Paul Getty, founder and CEO of First Guardian Group, continues our discussion on the Tenant Protection Act of 2019. In this post, he discusses some of the mistakes he’s seen landlords make as they grapple with a host of new regulations that they’re finding both ambiguous and confusing.
Q. Can you give us an example or two of some missteps you’ve seen landlords make in trying to comply with the Act’s provisions?
A. Well, one thing that happened when the law was passed is that landlords began to understand that they had a window between when AB1482 was signed into law on October 7, 2019 and when it was going to become effective on January 1, 2020. Many landlords moved very quickly to raise rents and evict tenants while the law had not yet been formalized and implemented. But what happened in many communities like Menlo Park, Redwood City and Santa Cruz, is that local municipalities made the legislation retroactive, in some cases all the way back to September 1, 2019. This caught a lot of landlords off guard. So, landlords need to be aware not only of what’s occurring broadly in California but also within the communities where they own investment property.
Q. Conversely, are there any wise or smart actions you’re seeing landlords take?
A. Yes, some landlords have been very proactive in becoming informed. This new law has received some media coverage, but it is not widely publicized. Judging by the attendees at our seminars, there is a very low percentage of landlords we see who are aware of the depth and the scope of AB1482 and what it means for them. It is encouraging, however, that we are seeing such a high level of interest in learning more and we view this as a very positive trend. Informed landlords can make far better decisions. There are some other provisions that have been passed – like SB-329 which is outside of the AB1482 legislation that imposes other restrictions on landlords like not being able to screen and prevent Section 8 tenants from coming into their properties. So, there are just several new provisions that require attention and landlords appear to be recognizing the importance of being educated.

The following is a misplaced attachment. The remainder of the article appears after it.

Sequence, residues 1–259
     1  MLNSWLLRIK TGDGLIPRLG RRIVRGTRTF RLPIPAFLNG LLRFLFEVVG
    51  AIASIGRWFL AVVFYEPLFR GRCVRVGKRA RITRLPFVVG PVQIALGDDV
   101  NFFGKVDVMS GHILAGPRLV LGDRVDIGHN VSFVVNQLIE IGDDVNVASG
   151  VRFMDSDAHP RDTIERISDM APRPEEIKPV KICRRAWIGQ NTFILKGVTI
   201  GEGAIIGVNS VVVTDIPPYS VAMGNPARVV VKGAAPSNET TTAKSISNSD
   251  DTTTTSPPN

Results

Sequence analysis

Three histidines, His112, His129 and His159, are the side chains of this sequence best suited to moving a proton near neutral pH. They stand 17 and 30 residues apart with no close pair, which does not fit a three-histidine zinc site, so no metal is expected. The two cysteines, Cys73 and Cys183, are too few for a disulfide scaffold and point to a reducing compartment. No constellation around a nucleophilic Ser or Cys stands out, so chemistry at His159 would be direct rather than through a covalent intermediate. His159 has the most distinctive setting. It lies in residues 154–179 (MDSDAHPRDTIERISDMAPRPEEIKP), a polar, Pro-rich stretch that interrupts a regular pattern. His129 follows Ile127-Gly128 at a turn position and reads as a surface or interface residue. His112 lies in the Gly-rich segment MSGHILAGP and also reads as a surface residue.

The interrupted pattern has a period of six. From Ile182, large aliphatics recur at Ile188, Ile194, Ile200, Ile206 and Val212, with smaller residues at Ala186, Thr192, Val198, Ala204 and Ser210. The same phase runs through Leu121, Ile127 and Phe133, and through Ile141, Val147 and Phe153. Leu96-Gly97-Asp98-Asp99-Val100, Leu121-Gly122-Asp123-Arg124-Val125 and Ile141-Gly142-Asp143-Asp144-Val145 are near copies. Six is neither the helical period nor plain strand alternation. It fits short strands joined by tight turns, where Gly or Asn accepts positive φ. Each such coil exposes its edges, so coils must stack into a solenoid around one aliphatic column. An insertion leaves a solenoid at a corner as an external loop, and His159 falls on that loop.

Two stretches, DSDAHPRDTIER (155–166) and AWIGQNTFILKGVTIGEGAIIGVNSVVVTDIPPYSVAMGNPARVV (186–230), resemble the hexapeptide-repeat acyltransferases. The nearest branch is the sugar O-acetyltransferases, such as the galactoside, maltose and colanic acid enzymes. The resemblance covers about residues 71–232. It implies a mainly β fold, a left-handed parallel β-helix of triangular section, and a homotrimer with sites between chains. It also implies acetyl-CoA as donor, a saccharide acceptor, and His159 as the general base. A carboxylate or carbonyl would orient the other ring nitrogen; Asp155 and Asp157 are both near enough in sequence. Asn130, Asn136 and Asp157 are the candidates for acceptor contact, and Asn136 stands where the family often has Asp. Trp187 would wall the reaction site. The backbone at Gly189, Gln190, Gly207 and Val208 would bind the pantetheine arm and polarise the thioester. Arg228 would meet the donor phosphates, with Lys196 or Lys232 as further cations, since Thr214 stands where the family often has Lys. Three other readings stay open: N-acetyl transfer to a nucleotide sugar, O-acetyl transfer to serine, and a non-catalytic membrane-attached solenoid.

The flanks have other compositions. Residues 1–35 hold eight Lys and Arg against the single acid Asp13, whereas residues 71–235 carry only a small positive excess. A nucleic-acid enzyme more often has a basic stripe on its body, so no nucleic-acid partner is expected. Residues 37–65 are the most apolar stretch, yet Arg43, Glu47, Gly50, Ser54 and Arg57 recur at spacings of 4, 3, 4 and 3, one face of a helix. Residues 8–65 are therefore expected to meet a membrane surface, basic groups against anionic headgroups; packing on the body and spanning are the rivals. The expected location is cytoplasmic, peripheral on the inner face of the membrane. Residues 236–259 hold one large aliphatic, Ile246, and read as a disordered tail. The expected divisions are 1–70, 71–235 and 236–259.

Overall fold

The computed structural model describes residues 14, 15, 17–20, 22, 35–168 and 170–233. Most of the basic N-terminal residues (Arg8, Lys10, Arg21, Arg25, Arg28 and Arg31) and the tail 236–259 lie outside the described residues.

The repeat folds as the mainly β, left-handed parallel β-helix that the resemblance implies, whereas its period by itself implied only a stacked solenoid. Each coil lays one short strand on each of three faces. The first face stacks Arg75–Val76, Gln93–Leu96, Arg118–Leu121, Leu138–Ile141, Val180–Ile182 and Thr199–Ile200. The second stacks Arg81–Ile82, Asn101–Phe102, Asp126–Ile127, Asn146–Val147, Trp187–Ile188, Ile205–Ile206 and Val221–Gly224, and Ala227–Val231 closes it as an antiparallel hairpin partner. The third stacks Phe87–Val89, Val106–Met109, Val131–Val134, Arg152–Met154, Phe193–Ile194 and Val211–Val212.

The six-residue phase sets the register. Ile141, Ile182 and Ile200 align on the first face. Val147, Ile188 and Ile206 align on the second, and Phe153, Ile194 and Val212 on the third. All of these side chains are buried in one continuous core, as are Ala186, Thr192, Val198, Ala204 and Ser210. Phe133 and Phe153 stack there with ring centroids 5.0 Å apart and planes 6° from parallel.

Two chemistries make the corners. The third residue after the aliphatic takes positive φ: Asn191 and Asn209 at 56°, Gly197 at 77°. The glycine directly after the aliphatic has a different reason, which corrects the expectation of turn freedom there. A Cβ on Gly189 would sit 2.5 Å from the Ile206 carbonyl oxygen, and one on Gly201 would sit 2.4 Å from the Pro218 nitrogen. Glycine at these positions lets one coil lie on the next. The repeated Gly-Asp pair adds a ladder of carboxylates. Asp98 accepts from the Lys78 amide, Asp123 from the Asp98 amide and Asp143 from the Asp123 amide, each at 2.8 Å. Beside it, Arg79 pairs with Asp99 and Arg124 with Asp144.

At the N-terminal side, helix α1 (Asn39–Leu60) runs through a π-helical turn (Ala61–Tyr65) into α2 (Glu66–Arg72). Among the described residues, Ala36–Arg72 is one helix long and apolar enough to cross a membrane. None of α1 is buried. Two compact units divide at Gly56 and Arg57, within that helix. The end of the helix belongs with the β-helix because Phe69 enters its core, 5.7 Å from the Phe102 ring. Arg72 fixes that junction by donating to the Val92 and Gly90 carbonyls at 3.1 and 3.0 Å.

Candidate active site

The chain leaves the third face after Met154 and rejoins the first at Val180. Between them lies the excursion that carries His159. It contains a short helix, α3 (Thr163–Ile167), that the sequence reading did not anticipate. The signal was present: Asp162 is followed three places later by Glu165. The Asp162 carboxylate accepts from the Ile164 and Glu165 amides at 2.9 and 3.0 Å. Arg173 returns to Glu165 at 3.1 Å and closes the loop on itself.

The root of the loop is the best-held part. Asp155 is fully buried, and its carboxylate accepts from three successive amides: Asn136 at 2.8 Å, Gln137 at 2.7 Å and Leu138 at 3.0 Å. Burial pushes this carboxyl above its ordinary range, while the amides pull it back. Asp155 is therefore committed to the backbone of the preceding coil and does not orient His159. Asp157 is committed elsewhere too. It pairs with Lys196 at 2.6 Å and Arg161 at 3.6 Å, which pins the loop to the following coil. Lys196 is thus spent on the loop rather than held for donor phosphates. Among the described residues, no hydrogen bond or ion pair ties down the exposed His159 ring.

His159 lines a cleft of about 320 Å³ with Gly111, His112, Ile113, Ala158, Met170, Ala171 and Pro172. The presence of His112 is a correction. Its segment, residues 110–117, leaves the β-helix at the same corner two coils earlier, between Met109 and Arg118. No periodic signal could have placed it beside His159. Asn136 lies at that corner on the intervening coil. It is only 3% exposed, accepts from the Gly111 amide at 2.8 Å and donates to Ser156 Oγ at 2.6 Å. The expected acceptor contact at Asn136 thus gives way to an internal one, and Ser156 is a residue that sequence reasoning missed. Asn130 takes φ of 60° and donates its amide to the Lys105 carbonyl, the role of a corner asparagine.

Q. Could there be any unintended consequences of the legislation that could negatively impact tenants, investors or developers?
A. There are a lot of people who cannot afford to live in California but who want to live in California. And there are a very large number of people who rent. If it weren’t for their ability to rent, many of those people couldn’t afford to live in the state. Here’s an example of an unintended consequence: Take a situation where a landlord has a duplex or multi-family rental and they’re saying they’ve had it with all these new regulations and intrusion into their business and they choose to sell their property. It’s more likely that the buyer of that property is someone affluent who intends to live in it. If this becomes widespread, then there will be fewer rental properties available, and when in short supply, rents will obviously increase – exactly what AB1482 was trying to prevent. To the extent these provisions remove property from the rental pool, it will exacerbate the current problem of people being able to live in California. We’re also seeing in many areas – San Jose in particular – where it’s becoming exceedingly difficult to get the permits to build new properties.
Q. Are there any other initiatives gaining momentum in the state which investment property owners should be concerned about?
A. Absolutely. As I mentioned, SB-329 which was passed in 2019 is just one example. That’s why we encourage landlords to get plugged into organizations like the California Apartment Owners Association to see the myriad of things that are happening. As an example, in Sacramento, there was a law passed in late 2017 that is now holding landlords accountable for illegal activities of their tenants in the rental properties they own. So, if tenants are caught growing marijuana in their home, and you are the owner of the property and you’re renting to them, you can be fined $500.00 for each plant that the tenant is growing. Since the law was first passed a few years ago, estimates of $94 million in fines have been levied against landlords. We’ve heard of cases where individual landlords have been fined for hundreds of thousands of dollars!
If you have any questions, please feel free to reach out to Paul directly at 866-398-1031 or schedule some time on Paul’s calendar.
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